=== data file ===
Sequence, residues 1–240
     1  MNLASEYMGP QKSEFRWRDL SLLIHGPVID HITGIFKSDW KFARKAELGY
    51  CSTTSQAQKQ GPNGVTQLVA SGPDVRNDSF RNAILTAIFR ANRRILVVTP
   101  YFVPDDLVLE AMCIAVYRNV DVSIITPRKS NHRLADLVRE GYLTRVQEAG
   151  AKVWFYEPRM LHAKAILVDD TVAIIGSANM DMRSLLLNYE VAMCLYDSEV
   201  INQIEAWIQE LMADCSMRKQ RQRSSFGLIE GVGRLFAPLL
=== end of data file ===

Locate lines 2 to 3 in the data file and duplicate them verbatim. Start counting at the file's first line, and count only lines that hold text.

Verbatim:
     1  MNLASEYMGP QKSEFRWRDL SLLIHGPVID HITGIFKSDW KFARKAELGY
    51  CSTTSQAQKQ GPNGVTQLVA SGPDVRNDSF RNAILTAIFR ANRRILVVTP